Most of the 129.4 million impressions for CareerBuilder were placed on the newspaper Web sites for partners Knight Ridder and Tribune Co., which bought the site last year. Other sites included Microsoft Corp.'s MSN and Bloomberg. The banners feature the bold heading "Laid Off?" with the tagline "The fastest cure for downsizing. CareerBuilder, find a job now."
Barry Lawrence, a spokesman for CareerBuilder, said the company aimed the campaign at "silent job seekers" who aren't necessarily hard-core searching. The company's research has shown that 70% of people are satisfied with their jobs, but 40% are looking to change in 2001.
Courtnie Willard, advertising manager for CareerBuilder, said the Web drives the most targeted and efficient traffic. The banner campaign also is supported by full- and half-page ads in Knight Ridder and Tribune Co. newspapers. And while competitor Monster.com, which ranked second among July advertisers, is known for its splashy television campaigns and Super Bowl buys (it recently announced its sponsorship of the 2002 U.S. Olympic team), CareerBuilder is gearing up for a major TV, outdoor and radio campaign in the fall.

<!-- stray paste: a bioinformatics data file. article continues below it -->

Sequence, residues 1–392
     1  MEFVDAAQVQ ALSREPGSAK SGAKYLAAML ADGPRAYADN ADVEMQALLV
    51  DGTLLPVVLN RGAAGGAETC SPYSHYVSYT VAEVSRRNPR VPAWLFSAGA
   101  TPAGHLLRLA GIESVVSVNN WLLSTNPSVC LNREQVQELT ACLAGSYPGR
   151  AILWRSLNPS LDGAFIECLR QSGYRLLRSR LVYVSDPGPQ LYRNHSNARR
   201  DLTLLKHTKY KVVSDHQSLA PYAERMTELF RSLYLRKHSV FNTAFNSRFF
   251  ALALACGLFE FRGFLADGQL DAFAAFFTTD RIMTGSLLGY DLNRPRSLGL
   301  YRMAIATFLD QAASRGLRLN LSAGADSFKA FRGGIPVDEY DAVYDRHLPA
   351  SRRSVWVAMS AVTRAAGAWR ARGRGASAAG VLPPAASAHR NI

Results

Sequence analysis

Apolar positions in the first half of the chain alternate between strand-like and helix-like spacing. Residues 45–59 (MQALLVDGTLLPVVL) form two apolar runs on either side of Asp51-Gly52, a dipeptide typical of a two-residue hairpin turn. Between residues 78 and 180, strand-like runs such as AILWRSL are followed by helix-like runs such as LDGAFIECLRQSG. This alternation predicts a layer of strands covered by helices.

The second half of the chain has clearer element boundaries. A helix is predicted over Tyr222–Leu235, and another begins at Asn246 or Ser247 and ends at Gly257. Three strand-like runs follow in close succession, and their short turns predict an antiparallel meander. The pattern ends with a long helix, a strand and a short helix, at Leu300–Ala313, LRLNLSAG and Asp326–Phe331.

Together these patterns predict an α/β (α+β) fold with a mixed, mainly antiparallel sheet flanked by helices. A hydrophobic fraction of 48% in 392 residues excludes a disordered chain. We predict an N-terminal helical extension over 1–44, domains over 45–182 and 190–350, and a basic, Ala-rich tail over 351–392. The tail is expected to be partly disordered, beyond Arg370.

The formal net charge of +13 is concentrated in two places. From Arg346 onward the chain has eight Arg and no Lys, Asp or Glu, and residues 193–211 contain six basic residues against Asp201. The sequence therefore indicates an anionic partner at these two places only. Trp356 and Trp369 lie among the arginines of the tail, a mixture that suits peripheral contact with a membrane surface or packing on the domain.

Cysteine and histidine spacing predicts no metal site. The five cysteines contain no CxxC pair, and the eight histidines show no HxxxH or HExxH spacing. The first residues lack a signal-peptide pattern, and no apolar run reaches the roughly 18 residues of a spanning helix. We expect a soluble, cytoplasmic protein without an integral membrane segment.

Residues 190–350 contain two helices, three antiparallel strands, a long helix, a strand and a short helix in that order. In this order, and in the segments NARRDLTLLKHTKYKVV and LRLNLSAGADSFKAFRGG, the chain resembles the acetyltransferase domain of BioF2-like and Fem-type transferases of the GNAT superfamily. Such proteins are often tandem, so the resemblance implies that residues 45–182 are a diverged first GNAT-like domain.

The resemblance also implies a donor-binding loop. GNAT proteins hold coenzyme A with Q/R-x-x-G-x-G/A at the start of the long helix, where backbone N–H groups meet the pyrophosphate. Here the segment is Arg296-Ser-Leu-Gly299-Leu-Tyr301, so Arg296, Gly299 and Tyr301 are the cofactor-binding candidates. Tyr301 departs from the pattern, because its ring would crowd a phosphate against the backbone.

Traffic to job sites overall has skyrocketed in the past year, Jupiter research shows. HotJobs.com, which is in the midst of merger negotiations to be acquired by TMP Worldwide's Monster.com, had 1.8 million unique visitors in July 2000. That number more than tripled-to 6.3 million-last month. Monster.com jumped from 4.3 million unique visitors to 6.2 million.
The trend was not universal: even when CareerBuilder's traffic is altered to reflect its merger with CareerPath.com, the Jupiter data shows a drop from 2.6 million "uniques" to 2 million. JobsOnline.com also lost traffic, from 5 million in July 2000 to 4.9 million this year, and Headhunter.net, which merged with CareerMosaic.com last August, has seen its traffic go down. The traffic for the site was 1.5 million unique visitors in July and for the pre-merged sites was 1.8 million in July a year ago.